"His stature was tall, but not awkward—his make was lusty, but not corpulent; his voice deep, but not hoarse,—strong, but not noisy; his pronunciation was distinct, but not broad. In his countenance there was gravity without grimace. His address was solemn, but not sour—easy, but not careless—deliberate, but not drawling—pointed, but not personal—affectionate, but not fawning. He would often weep, but never whine. His sentences were short, but not ambiguous; his ideas were collected, but not crowded. Upon the whole, his manner and person were agreeable and majestic. {421}

"For twenty-four years he continued to ride nearly one hundred miles and to preach some ten or twelve sermons every week. At home, for his hearers who came from a distance, his table was served, and his stables open for their horses; and abroad, houses and barns were rented, lay preachers supplied, and his own expenses paid out of his own pocket. His ear was ever attentive to the tale of woe; his eye was keen to observe the miseries of the poor; the law of kindness was written upon his heart, and his hand was always ready to administer relief. The gains of his vicarage, of his fellowship, and of his patrimonial income (for his father died very rich), and even his family plate, were appropriated to support his liberality. He was also a favourite with Lady Huntingdon. To her he was indebted for much spiritual light, and her liberality in other matters was felt and acknowledged by him."—Pp. 368, 369.

There is much in this account which raises respect for the subject of it: but to have a full view of his character, we should read the following strange letter to Lady Huntingdon, which seems to be a fair specimen of the author's style:

"My Lady,—Your letter just suited my case: it was a bleeding plaister for a bleeding heart. These many months I have done little else but mourn for myself and others, to see how we lie among the tombs, contented with a decent suit of grave-clothes. At times my heart has been refreshed with these words, 'On the land of my people is come up briars and thorns, until the Spirit be poured out upon them from on high;' but the comfort soon vanisheth, like gleams of a winter sun. I cannot wish for transports such as we once had, and which almost turned our heads; but I do long to see a spirit poured of triumphant faith, heavenly love, and steadfast cleaving to the Lord.

"Before I parted with honest Glasscott, I cautioned him much against petticoat snares. He has burnt his wings already. Sure he will not imitate a foolish gnat, and hover again about the candle? If he should fall into a sleeping-nap, he will soon need a flannel night-cap, and a rusty chain to fix him down, like a church Bible to the reading-desk. No trap so mischievous to the field preacher as wedlock, and it is laid for him at every hedge corner. Matrimony has quite maimed poor Charles [Wesley], and might have spoiled {422} John [Wesley] and George [Whitfield], if a wise Master had not graciously sent them a pair of ferrets. Dear George has now got his liberty again, and he will 'scape well if he is not caught by another tenter-hook.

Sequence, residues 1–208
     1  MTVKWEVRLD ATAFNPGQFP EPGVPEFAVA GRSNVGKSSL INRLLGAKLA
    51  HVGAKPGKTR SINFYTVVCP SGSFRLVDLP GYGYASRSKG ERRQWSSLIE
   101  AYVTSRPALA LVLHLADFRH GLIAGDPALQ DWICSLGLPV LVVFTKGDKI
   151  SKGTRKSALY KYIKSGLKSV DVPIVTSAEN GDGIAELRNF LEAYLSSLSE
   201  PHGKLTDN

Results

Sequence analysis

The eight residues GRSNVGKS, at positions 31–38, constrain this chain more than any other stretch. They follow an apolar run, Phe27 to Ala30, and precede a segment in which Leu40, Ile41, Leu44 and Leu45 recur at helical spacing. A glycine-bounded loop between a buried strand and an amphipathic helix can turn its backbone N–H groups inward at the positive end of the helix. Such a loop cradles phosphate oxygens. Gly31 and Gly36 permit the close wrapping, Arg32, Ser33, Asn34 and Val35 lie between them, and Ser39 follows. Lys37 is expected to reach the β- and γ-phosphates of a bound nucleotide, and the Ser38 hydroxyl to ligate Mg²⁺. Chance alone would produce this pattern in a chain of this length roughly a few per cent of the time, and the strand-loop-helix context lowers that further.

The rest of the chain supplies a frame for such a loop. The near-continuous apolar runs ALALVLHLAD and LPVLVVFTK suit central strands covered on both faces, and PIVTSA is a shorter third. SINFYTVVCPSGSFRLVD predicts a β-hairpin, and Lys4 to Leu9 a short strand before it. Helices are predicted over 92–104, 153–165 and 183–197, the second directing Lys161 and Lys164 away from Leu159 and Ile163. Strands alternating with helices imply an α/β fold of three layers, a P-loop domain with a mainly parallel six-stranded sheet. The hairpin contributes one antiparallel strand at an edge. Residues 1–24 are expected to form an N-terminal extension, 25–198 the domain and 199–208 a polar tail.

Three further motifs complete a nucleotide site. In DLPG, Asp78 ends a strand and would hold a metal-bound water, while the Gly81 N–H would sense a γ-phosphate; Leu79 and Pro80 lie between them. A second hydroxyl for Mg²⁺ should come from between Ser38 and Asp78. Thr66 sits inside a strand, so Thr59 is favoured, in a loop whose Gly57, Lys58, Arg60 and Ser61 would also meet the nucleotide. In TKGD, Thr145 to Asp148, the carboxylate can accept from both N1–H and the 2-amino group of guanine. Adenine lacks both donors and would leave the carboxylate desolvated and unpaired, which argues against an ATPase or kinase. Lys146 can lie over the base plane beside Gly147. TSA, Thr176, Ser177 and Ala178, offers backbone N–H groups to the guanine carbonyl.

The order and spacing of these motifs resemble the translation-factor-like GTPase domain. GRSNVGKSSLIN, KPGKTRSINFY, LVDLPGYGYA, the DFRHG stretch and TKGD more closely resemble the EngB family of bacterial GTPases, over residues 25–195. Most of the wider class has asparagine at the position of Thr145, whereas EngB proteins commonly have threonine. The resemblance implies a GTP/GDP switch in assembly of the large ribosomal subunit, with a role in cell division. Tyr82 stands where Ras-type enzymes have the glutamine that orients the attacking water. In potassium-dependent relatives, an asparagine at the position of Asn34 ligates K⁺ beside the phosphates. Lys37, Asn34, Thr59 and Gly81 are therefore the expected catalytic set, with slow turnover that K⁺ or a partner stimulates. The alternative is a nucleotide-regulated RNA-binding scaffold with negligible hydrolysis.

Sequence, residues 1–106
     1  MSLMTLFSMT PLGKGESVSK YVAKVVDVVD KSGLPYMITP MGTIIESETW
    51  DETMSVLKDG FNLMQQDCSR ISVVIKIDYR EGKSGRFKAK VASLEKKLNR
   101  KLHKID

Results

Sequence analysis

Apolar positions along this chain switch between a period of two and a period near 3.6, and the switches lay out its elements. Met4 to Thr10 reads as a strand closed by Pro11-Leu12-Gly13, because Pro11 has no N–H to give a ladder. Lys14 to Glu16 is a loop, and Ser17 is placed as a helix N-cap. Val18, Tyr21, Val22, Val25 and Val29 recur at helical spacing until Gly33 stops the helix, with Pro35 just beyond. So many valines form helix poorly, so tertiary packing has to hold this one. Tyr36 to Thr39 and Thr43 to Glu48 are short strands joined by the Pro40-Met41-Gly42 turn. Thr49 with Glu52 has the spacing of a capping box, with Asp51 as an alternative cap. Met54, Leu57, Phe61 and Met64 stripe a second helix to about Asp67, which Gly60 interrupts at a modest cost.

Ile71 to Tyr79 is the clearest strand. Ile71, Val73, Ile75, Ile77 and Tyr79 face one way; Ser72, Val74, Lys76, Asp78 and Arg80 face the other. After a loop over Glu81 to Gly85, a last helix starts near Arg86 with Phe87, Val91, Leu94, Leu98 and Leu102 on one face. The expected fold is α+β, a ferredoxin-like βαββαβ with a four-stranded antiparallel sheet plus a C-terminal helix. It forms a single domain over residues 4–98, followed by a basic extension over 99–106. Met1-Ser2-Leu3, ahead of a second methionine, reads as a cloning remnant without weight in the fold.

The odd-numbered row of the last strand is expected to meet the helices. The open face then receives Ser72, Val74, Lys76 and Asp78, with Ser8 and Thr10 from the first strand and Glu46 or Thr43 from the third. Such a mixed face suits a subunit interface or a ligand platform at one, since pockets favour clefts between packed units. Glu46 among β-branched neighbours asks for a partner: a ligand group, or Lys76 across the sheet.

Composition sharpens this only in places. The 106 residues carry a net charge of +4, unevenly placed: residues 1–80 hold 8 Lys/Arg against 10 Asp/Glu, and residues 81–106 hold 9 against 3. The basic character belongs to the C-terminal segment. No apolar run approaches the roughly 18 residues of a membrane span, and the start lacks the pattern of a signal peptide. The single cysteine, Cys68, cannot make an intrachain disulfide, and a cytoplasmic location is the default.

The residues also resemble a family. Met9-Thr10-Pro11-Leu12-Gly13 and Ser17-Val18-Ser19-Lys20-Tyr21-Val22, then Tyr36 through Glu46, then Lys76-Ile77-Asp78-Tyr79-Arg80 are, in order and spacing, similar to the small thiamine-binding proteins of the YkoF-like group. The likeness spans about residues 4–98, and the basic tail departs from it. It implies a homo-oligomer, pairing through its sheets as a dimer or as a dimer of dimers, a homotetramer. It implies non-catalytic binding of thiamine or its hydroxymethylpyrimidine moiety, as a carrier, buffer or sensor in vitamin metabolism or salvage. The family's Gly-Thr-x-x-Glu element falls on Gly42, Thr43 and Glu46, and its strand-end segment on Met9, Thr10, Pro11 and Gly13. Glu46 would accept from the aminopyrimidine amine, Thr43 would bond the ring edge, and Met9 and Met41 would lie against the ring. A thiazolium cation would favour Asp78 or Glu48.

"Eight or nine years ago, having been grievously tormented with housekeepers, I truly had thoughts about looking out for a Jezebel myself. But it seemed highly needful to ask advice of the Lord. So falling down on my knees before a table, with a Bible between my hands, I besought the Lord to give me a direction. Then letting the Bible fall open of itself, I fixed my eyes immediately on these words, 'When my son was entered into his wedding chamber, he fell down and died.'—2 Esdras x. 1. This frightened me heartily, you may easily think; but Satan, who stood peeping at my elbow, not liking the heavenly caution, presently suggested a scruple that the book was apocryphal, and the words not to be heeded. Well, after a short pause, I fell on my knees again, and prayed the Lord not to be angry with me, whilst, like Gideon, I requested a second sign, and from the canonical scripture. Then letting my Bible fall open as before, I fixed my eyes directly on this passage, 'Thou shalt not take thee a wife, neither shalt thou have sons or daughters in this place.'—Jer. xvi. 2. I was now completely satisfied; and being thus made acquainted with my Lord's mind, I make it one part of my prayers. And I can look on these words not only as a rule of direction, but as a promise of security: 'Thou shalt not take a wife;' that is, 'I will keep thee from taking one.'

"This method of procuring divine intelligence is much flouted by flimsy professors who walk at large, and desire not that sweet and secret access to the mercy-seat which babes of the kingdom do find. During the last twelve years I have had occasion to consult the oracle three or four times on matters that seemed important and dubious, and have received answers full and plain."—Pp. 388, 389.

What Lady Huntingdon thought of this singular style does not appear; but we have to thank her biographer for a very striking and friendly remonstrance, addressed to the same person by Mr. Thornton; which, though too long to quote, shows us that not all, who agreed in religious sentiments with Mr. Berridge, agreed with him in his peculiar mode of enforcing them.{423}